Kummeling says the university is definitely looking into options for bypassing the public transport issue with ‘pedestrian and cycling mobility’. But, he says, that isn’t easy to do. “You know how crowded the bicycle paths in the direction of the Utrecht Science Park can get. And in the city centre, we’re dealing with old buildings, in which it’s really tricky to maintain 1.5-metre distance.”

Moreover, the rector says it’s important that the university is able to quickly adapt to changing circumstances, for instance in case of a second wave of corona. “Elaine’s workgroup is thinking in terms of scenarios. They’re looking for a ‘harmonica’-like model, which will make the university less vulnerable to surprises.”

Mak: “One thing we shouldn’t forget is that there’s also a group of students and teachers who would prefer not to come to university quite yet. Because they’re afraid, because they or their family members have health issues, or for other reasons. We’re definitely not going to consider that a problem anytime soon. Students should simply be able to continue their studies, and teachers should be able to reach an agreement with their faculty.”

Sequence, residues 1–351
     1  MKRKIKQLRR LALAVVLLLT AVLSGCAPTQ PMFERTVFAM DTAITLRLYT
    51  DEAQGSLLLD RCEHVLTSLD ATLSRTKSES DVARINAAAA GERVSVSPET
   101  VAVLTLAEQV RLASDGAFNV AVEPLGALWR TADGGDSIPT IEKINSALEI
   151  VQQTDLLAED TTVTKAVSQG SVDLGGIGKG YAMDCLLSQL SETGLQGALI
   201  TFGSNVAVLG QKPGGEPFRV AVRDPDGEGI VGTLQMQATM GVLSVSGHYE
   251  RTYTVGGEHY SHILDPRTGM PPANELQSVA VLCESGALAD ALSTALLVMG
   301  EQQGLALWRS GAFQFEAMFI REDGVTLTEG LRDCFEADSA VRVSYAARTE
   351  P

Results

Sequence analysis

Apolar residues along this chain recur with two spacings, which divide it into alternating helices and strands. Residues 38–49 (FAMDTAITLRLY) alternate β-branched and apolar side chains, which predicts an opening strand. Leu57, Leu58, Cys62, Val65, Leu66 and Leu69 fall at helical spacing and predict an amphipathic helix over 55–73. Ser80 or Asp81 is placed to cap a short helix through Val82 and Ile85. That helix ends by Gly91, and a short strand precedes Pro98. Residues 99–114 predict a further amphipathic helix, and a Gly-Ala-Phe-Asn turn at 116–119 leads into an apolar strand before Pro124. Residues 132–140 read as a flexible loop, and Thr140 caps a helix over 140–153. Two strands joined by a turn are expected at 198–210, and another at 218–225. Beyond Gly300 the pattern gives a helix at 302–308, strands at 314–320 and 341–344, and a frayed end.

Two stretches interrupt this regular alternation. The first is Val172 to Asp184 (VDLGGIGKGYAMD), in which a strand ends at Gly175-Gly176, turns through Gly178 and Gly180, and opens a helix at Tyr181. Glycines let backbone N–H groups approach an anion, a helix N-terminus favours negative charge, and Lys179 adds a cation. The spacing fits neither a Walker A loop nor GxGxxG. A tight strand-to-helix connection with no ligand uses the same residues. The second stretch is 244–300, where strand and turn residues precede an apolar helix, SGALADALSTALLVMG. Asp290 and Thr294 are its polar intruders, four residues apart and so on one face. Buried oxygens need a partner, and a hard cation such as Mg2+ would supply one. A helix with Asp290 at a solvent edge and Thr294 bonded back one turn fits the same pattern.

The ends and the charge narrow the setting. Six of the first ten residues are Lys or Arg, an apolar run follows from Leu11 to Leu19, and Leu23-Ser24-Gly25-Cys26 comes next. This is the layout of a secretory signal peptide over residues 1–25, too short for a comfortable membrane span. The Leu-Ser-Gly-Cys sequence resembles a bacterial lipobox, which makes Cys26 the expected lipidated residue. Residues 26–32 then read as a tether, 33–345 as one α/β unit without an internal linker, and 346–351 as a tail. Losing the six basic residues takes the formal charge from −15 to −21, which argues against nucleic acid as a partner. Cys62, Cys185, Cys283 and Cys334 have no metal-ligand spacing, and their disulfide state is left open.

The work teachers do, has to fit in the hours they work

In the meantime, many teachers are once again being confronted with the task of transforming their classes to an online environment. In the past few months, the university board repeatedly emphasised that teachers should have an eye for their own physical and mental wellbeing. In the corona circumstances, the university couldn’t expect teachers to be as effective as they’d been. The question is whether these aren’t just hollow phrases. After all, teachers have been complaining about their workloads for years.

pf-Kummeling-serie-001.jpgKummeling: “As university board, we’re stating that the work teachers do, has to fit in the hours they work, and teachers shouldn’t overtax themselves, but also shouldn’t be overloaded. However, in the end this is something that study programmes need to take care of. It’s up to managers to ensure that everyone has enough time to do their work.”

To accommodate teachers, it’s possible the university will introduce a central university budget that will help improve remote working facilities, for instance by providing equipment or good chairs. The rector says it’s not possible, however, to assign more budget to additional hours or more teachers. The uncertain financial future, as a result of the corona crisis, makes that tricky.

“If someone is performing so many tasks that an extension of their contract is reasonable and appropriate, a faculty should facilitate that. Even before the corona crisis, we were calling for better contracts, especially for temporary teachers. Faculties should really prioritise that, especially now.”